3481 ∗ R240 − 0.0472 ∗ G709 + 0.894 ∗ X + 1.0000 ∗ B240 Be = −0.10.3481 ∗ G240 0 + 0.21 yg=0.2122 ∗ R + 0.0000 ∗ B240 Ge = −0.0000 ∗ Be G240 = 0.5756 ∗ Pr G = Y − 0.190 ∗ G + 0. in which the B primary and white point were changed.0187 ∗ Re + 0.8270 ∗ Pb + 0.0257 ∗ R240 + 1.0000 ∗ Be B240 = 0.3838 ∗ G + 0.0254 ∗ R240 − 0.0549 ∗ B R = Y + 0.0000 ∗ B709 G240 0 = 0. The CRT gamma law is assumed to be 2.815 ∗ Y + 0.2849 ∗ G709 + 0.7466 ∗ Re + 0.7151 ∗ R709 + 0.643 ∗ G + 0.6 SMPTE-240M Y’PbPr This one of the developments of NTSC component coding.0000 ∗ Pb + 1.073 ∗ G + 1.064 ∗ X − 0.0822 ∗ B240 and: R240 = 0.077 ∗ B Z = 0.15 yb=0.0575 ∗ Ge + 0.9350 ∗ B709 25 (109) (110) (111) (112) (113) (114) .67 yr=0.1162 ∗ R − 0.912 ∗ Z The coding equations for non-linear signals are: Y = 0.0185 ∗ Re + 0.329016 The conversion equations for linear signals are: X = 0.565 ∗ Y − 0.9240 ∗ Be Re = 1.279 ∗ R + 0.2534 ∗ Ge + 0.0179 ∗ R709 + 0.0257 ∗ G240 + 0.7013 ∗ G + 0.000 ∗ R + 0. chromaticity co-ordinates are: R: xr=0.567 ∗ R + 0..0568 ∗ G240 + 1.9821 ∗ G709 + 0.33 G: xg=0.0865 ∗ B P b = −0.71 B: xb=0.4451 ∗ G − 0.0177 ∗ R709 + 0.193 ∗ B Y = 0.5000 ∗ B P r = 0.0000 ∗ Pr The conversion equations relating SMPTE 240 RGB to EBU and 709 primaries are: R240 0.9813 ∗ Ge + 0.345 ∗ Z G = −0.2.032 ∗ Z B = 0.2253 ∗ Pb + 0.0000 ∗ B709 B240 = 0. The white point is D65.042 ∗ X − 0.312713 yn=0.5000 ∗ R − 0.5000 ∗ Pr B = Y + 1.06 White: xn=0.129 ∗ Y + 0.016 ∗ B (108) R = 2.

Kodak YCC can store more information than current display devices can cope with (it allows negative RGB values).587G + 0. Luma = 0. to follow the typical distribution of colours in real scenes.45 − 0. For R.018 R = 4.099 ∗ R0 .587G − 0.0457 ∗ G240 + 0.114B Chroma1 = −0. the transforms from YCC to RGB are therefore not simply the inverse of RGB to YCC.0440 ∗ G240 + 1.45 − 0. ≤ 0.099 G = 1.402)Luma Chroma1 8bit = 111.64 ∗ Chroma2 + 137 (117) (116) (118) (119) The unbalanced scale difference between Chroma1 and Chroma2 is designed.G. It is based on both CCIR Recommendations 709 and 601-1. according to Kodak.R709 = 1.5 ∗ G B = 4.018 R = 1.0000 ∗ B240 G709 = −0.0254 ∗ R240 − 0.587G + 0.5 ∗ B Secondly the R’G’B’ data is transformed into PhotoYCC data.chrominance representation of colour like CCIR 601-1’s YCbCr.0257 ∗ R240 + 1.299R + 0.0000 ∗ B240 B709 = −0.G.4086 ∗ R240 − 0. they depend on the target display system.299R − 0. The Kodak PhotoYCC colour space was designed for encoding images with the PhotoCD system. 26 . a transfer function (gamma correction) is first applied.45 − 0. having a colour gamut defined by the CCIR 709 primaries and a luminance .701R − 0.4086 ∗ G240 + 0.40 ∗ Chroma1 + 156 Chroma2 8bit = 135.0695 ∗ B240 (115) 11 Kodak PhotoYCC Colour Space.5 ∗ R G = 4.B.B > 0.114B Finally the floating point values are stored as 8 bit integers.099 ∗ G0 .886B Chroma2 = 0. Since PhotoYCC encoded images are designed for display on both television / video and on computer graphics systems PhotoYCC itself is a bit of a mix between television and computer graphics standards for encoding colour.099 For R.099 ∗ B 0 . To encode data.099 B = 1. Luma 8bit = (255/1.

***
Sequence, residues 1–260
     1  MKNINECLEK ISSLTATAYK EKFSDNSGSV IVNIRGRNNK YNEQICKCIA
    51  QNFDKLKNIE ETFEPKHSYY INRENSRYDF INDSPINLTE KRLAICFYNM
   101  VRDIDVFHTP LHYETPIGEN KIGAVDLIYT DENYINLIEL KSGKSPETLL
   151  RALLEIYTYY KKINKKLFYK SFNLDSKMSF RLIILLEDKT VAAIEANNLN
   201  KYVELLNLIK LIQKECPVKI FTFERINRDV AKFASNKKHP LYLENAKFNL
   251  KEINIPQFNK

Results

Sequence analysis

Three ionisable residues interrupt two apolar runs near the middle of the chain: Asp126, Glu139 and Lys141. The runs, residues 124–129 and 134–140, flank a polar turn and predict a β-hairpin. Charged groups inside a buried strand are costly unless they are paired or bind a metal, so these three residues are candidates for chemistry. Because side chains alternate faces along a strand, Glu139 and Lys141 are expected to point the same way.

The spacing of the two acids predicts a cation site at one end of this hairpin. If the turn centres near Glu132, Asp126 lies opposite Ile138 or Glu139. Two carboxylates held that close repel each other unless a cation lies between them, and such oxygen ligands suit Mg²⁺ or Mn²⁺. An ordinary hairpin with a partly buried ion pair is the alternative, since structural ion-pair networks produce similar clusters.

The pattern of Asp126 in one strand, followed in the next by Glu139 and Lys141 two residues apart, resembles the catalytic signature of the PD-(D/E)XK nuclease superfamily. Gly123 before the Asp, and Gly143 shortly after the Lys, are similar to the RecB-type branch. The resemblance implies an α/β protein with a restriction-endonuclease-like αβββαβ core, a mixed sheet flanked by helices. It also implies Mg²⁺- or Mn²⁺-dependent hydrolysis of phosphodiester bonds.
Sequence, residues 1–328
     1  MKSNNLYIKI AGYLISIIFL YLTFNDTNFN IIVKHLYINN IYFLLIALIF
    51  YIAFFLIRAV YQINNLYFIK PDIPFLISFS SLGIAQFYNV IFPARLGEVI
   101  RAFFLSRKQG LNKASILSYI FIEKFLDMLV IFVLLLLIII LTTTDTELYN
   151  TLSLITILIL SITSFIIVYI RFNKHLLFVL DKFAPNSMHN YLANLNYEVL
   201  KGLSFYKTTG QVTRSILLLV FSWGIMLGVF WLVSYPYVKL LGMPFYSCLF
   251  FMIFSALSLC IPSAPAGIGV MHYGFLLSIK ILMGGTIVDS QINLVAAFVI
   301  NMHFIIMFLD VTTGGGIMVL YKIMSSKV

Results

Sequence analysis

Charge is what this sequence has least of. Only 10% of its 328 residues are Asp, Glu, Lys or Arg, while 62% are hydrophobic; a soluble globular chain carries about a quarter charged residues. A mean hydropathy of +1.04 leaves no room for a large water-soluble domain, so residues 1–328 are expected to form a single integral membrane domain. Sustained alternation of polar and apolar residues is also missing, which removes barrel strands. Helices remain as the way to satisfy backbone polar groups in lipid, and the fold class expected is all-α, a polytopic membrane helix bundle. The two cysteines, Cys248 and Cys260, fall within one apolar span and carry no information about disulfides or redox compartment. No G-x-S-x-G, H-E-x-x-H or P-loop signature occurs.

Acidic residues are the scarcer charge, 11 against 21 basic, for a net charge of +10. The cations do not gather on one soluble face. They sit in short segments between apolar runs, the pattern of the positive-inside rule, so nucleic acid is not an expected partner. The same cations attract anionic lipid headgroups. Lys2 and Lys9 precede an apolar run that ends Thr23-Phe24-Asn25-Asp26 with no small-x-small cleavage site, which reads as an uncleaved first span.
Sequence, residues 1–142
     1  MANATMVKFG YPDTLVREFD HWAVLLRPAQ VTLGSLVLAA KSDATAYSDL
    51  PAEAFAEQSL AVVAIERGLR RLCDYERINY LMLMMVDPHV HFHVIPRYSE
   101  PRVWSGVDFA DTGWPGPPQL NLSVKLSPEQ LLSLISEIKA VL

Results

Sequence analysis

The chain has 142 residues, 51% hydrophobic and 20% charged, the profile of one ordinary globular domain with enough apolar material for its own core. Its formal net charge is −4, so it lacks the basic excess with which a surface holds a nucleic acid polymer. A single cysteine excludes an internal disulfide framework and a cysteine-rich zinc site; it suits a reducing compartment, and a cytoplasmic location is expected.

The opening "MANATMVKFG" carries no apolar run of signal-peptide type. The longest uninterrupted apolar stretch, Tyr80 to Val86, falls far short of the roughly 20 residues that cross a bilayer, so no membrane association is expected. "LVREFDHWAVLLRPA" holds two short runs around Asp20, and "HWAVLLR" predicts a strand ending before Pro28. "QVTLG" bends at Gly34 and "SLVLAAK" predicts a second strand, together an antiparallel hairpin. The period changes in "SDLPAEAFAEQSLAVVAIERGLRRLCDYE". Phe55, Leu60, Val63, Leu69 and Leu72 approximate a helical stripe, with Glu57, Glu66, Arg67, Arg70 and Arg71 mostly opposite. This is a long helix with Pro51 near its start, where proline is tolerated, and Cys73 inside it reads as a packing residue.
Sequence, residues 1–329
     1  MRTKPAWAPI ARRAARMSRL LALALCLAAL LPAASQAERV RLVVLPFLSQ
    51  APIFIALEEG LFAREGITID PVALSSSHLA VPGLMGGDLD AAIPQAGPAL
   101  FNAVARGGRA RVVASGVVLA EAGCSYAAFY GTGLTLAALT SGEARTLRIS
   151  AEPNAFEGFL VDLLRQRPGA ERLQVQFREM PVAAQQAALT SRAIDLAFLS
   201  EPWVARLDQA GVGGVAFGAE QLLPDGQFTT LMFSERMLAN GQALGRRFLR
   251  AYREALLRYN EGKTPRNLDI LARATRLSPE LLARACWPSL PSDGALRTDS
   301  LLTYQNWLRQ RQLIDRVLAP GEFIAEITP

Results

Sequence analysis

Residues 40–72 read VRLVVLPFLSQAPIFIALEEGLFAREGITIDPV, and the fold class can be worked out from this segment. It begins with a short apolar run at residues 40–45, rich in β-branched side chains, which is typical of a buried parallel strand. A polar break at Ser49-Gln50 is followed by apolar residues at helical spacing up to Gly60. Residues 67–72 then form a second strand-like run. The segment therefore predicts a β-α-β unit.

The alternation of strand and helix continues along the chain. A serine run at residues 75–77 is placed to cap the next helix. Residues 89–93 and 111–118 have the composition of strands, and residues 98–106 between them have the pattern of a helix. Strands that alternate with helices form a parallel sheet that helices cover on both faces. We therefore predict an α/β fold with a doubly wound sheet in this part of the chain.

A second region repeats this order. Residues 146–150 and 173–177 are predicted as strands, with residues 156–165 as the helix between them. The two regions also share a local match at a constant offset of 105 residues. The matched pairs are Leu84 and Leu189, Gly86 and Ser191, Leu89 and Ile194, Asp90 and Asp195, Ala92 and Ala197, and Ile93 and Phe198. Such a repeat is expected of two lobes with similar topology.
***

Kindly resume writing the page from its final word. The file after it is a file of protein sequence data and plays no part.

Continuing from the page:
8215 ∗ (Chroma2 8bit − 137) the RGB display voltages are then as follows. possibly through an intermediate device independent colour space such as CIE XYZ. Firstly normal Luma and Chroma data are recovered.40 ∗ C1 + 156 C2 = 135.64 ∗ C2 + 137 (122) b) if the display phosphors differ from CCIR 709 primaries then further conversion will be necessary. Converting stored PhotoYCC data to RGB signal voltages for display on television’s is achieved as follows.8215 ∗ (Chroma2 8bit − 137) (120) For display primaries that are. a) this results in RGB values from 0 to 346 (instead of the more usual 0 to 255) a look-uptable is usually used to convert these through a non-linear function to 8 bit data.2 B = (L + Chroma1)/353.509Chroma2 B = L + Chroma1 (121) Two things to watch are.402) ∗ Y C1 = 111. Luma = 1.like calibrate you CRT for linear luminance . Firstly normal Luma and Chroma data are recovered.509Chroma2)/353. or are very close to.2179 ∗ (Chroma1 8bit − 156) Chroma2 = 1. then R = L + Chroma2 G = L − 0. Y = (255/1.2 (123) (124) Note. CCIR Recommendation 709 primaries in their chromaticities. Luma = 1. R = (L + Chroma2)/353.3584 ∗ Luma 8bit Chroma1 = 2.194Chroma1 − 0.2 G = (L − 0.-) 27 .194Chroma1 − 0.Converting PhotoYCC data to RGB 24bit data for display by computers on CRT’s is achieved as follows. the gamma corrected RGB values (R’G’B’) are fine so long as you haven’t done anything silly .2179 ∗ (Chroma1 8bit − 156) Chroma2 = 1.3584 ∗ Luma 8bit Chroma1 = 2. For example.